On June 30 the Supreme Court reaffirmed what most Americans no doubt take for granted, that the Constitution prohibits religious discrimination. The 5-4 divide among the justices in Espinoza v. Montana Department of Revenue, however, shows that religious freedom is not fully secure in America.
Different state and local governments have developed “school choice” programs that make parents more financially able to choose the best education for their children. Even though religious schools often provide better education, and at lower cost, activists often fight, in legislatures and in courts, to exclude them from school choice programs.
In Zelman v. Simmons-Harris, the Supreme Court held in 2002 that including religious schools in such programs does not amount to an “establishment of religion” prohibited by the First Amendment. The Espinoza case revisits this dispute in a different way.
The Montana Legislature enacted a program that provided a small tax credit for contributions to organizations that provide scholarships to help pay private school tuition. To qualify for receiving scholarship money under this program, schools must meet basic accreditation, safety, and testing requirements.
Montana, however, is one of 38 states with constitutions that prohibit any “direct or indirect appropriation or payment from any public fund or monies … for any sectarian purpose or to aid any … school … controlled in whole or in part by any church, sect, or denomination.”
This provision is often called the “Blaine Amendment,” named for Rep. James Blaine, R-Maine, who offered it in 1875 as an amendment to the U.S. Constitution. That effort, which was motivated in part by anti-Catholic bias, failed in Congress, but this provision found its way into most state charters.
Against the advice of the Montana attorney general, the Montana Department of Revenue issued a rule that, under this provision, awards from the scholarship program could not be used to pay tuition at religious schools.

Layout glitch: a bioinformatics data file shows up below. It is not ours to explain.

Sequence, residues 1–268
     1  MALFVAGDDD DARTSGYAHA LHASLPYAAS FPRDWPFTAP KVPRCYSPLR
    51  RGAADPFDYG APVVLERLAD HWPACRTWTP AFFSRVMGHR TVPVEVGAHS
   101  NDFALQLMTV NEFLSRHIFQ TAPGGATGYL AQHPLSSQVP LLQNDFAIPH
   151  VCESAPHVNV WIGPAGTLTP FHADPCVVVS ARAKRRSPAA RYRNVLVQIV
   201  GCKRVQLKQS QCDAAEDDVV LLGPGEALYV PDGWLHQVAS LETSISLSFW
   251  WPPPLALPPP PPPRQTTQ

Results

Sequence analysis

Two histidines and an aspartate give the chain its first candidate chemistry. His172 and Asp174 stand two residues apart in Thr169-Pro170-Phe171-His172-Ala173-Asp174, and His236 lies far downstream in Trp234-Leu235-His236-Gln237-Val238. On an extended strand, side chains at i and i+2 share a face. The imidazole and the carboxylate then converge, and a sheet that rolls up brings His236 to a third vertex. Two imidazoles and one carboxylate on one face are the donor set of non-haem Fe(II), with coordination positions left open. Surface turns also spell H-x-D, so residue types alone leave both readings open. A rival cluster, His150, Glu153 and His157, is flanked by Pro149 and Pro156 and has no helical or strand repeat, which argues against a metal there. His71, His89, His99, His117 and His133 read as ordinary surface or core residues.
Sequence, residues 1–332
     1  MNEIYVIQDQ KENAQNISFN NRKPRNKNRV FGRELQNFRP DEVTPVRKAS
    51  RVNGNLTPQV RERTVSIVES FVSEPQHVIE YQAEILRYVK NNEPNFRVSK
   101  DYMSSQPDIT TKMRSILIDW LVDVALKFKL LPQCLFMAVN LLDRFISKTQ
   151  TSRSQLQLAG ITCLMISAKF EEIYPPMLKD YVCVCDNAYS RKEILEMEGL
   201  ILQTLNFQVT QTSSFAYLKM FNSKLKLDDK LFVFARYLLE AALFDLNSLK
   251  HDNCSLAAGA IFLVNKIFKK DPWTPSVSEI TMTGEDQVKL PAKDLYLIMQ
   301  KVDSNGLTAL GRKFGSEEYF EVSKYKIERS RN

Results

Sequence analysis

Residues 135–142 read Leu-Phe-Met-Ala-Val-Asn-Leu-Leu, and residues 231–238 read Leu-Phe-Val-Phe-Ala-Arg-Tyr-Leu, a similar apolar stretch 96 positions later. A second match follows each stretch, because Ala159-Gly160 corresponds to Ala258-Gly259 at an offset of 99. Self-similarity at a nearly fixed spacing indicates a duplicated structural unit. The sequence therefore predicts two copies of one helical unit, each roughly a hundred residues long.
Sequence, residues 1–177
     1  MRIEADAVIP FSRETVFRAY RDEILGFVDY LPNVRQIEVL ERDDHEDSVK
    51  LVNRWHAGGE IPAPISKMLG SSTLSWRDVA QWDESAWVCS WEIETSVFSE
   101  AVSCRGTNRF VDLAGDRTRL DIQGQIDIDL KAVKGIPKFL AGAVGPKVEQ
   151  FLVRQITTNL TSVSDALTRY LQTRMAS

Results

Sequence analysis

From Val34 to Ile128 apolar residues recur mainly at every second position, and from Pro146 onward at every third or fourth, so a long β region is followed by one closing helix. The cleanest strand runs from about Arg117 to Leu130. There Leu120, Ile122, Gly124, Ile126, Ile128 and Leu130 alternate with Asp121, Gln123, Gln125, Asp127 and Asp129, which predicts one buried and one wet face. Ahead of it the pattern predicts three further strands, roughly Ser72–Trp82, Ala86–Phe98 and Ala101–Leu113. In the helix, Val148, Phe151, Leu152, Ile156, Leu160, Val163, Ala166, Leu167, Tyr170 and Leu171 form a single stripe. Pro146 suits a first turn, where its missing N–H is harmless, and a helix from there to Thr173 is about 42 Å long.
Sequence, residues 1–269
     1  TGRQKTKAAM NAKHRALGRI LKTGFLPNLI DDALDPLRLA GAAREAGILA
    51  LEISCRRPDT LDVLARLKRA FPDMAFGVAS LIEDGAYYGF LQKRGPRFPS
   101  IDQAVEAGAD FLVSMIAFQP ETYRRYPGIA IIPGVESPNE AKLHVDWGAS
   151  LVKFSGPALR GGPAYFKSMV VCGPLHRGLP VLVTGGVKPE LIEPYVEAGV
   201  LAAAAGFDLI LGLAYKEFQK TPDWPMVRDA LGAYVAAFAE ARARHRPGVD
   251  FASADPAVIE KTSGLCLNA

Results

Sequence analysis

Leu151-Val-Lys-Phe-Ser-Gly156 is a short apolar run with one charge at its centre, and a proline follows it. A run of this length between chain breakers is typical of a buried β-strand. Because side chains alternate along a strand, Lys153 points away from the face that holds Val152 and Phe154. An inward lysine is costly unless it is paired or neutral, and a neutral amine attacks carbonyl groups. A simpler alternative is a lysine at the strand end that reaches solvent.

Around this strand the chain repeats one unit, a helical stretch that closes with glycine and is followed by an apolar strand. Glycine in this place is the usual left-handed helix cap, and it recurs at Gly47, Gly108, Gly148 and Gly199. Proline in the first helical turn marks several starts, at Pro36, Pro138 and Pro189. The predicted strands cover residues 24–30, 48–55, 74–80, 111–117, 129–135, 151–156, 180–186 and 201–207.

Three mothers with children who wanted to use scholarship money at religious schools sued. They did not challenge this constitutional provision directly, but said that its application to them violated their First Amendment right to freely exercise religion.
The Montana Supreme Court decided that the scholarship program violated the state constitution, but the Montana Department of Revenue exceeded its authority in issuing the exclusion rule. The court concluded that the only way to resolve the issue was to invalidate the entire program.
Today, in an opinion by Chief Justice John Roberts, the U.S. Supreme Court reaffirmed the “straightforward rule … against express religious discrimination.” Excluding religious schools from a public benefit program solely because of their religious status, the court said, violates the First Amendment’s free exercise clause.
Roberts had also written the court’s opinion in Trinity Lutheran Church v. Comer, a 2017 case decided by a 7-2 vote, in which the court held that a blanket exclusion of religious schools from a program for assistance in playground equipment was unconstitutional.
Six justices, three concurring and three dissenting, wrote additional opinions.
Justice Clarence Thomas, for example, confronted Montana’s unusual argument that the First Amendment prohibition on an establishment of religion practically required religious discrimination, undermining the free exercise of religion.
The problem, in Thomas’ view, is that the court had long interpreted the establishment clause too broadly. “Until we correct course on that interpretation,” he wrote, “individuals will continue to face needless obstacles in their attempts to vindicate their religious freedom.”
Justice Neil Gorusch also concurred, arguing for a broad interpretation and application of the free exercise clause. “The Constitution forbids laws that prohibit the free exercise of religion. That guarantee protects not just the right to be a religious person, holding beliefs inwardly and secretly; it also protects the right to act on those beliefs outwardly and publicly.”
Justice Stephen Breyer had agreed with the majority in Trinity Lutheran but dissented here. In both cases, he argued against “an overly rigid application of the First Amendment’s religion clauses.” He preferred a “flexible, context-specific approach” in which judges would evaluate factors such as context, consequences, and purposes.
Similarly, Justice Sonia Sotomayor would also allow the government “some room” to single out and exclude even particular religious entities based on undefined “interests embodied in the religion clauses.”
Roberts rejected such alternative approaches, writing that they “would mark a significant departure from our free exercise precedents” and “would afford much freer rein to judges than our current regime.”
This is another decision with a favorable result resting on an unsettled foundation. The Blaine Amendment provisions remain in state constitutions, and the Supreme Court’s confusing establishment clause precedents remain in the casebooks.
Even though by the slimmest of margins, however, the court reaffirmed what most Americans believe, that the Constitution prohibits explicit religious discrimination.